🦈 This is a sponsored post. For more information, please visit this page.
We’re nearly finished with 2020, and a lot of events have happened. The most prominent one, the coronavirus pandemic, is still imminent and has completely changed how we live. This pandemic has changed every aspect of our lives, from our work to our mental health.
The government placed strict stay-at-home protocols in March, but social distancing became social isolation after a few months. This predicament was not sitting very well for some people.
Dr. Robert Leahy, the attending psychologist at New York-Presbyterian/Weill Cornell Medical Center points out that most of us contemplate, feel helpless, and depressed.
“This is the perfect storm for depression and anxiety.”Dr. Robert Leahy
Although we need to practice social and physical distancing, there are some ways for you to lift your mood. Here are some steps in preserving your mental health during the pandemic.
Know Your Support System
Creating a support system is one of the best ways to cope up with the happenings around you. Your support system can include your family, friends, a therapist, or an online community. These people can talk to you and help you relieve some negative emotions. They can also assist you in learning some positive coping mechanisms.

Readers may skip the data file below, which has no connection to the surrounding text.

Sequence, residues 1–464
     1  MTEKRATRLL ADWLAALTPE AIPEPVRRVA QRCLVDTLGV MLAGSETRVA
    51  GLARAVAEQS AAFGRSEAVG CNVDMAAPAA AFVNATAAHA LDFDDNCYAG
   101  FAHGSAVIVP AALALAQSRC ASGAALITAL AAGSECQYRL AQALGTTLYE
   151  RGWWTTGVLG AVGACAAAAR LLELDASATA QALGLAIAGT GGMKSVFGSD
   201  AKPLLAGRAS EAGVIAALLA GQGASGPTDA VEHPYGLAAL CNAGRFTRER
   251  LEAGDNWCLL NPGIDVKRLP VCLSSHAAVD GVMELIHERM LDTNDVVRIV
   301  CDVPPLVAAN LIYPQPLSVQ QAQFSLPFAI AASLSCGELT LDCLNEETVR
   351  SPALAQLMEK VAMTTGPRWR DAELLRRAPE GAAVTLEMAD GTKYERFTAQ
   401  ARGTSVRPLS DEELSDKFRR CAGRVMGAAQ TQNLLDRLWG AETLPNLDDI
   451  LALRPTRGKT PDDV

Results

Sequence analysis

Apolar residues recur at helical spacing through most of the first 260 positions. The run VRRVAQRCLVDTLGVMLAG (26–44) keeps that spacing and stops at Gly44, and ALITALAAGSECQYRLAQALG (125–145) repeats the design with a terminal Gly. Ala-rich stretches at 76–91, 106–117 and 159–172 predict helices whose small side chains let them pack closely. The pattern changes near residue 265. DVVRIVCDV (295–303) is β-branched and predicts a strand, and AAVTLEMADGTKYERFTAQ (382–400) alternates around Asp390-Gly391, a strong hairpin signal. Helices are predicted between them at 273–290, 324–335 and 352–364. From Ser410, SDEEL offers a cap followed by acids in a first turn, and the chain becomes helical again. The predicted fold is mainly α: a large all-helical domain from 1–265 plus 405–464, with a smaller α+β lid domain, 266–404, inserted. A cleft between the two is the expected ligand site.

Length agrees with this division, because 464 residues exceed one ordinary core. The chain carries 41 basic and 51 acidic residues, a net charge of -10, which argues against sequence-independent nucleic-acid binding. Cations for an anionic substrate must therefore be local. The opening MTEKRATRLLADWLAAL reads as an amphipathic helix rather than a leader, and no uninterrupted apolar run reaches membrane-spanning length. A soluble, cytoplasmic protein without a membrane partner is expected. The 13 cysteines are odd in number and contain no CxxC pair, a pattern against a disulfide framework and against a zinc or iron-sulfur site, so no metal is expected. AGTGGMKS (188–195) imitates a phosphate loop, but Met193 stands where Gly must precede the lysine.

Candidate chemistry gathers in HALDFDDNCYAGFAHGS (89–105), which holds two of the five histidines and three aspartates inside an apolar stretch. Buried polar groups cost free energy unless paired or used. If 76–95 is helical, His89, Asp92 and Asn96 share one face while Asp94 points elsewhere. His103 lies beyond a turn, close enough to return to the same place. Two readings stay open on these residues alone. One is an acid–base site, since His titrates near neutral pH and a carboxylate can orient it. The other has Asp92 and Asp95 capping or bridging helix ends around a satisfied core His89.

However, remember that some of your friends and family may experience helplessness and anxiety. It is wise to ask those people you want to add to your support system if they’re alright with it.
Keep Your Expectations in Moderate
When things are not going as the way you perceived it, you may find yourself disappointed and sad. In tough times like this pandemic, we should always remember that we need to set our moderate expectations. It’s nice to think about bold ideas; however, you need to think realistically and face the facts.
With most people doing remote work and staying at home, people are in front of their electronic devices 24/7. Take time to disconnect and try to stay away from your television and mobile devices.
You can take a nap, read a book, or stare out your window and look at your surroundings. By doing this, you’ll let your mind breathe and calm yourself.
Schedule a “worry time” if you’re working or studying all day long. Take 15-20 minutes every day to go over things that you’re worried about. This way, you can focus more on your tasks in school or at work.
As hurtful and worrying as it seems, we need to acknowledge the state we are in. Everyone has the right to feel anxious, sad, lonely, or whatever negative feelings they’re harboring. Do not fight your emotions as it will bite you back. However, we should always think of creative and sane ways to cope up with these feelings.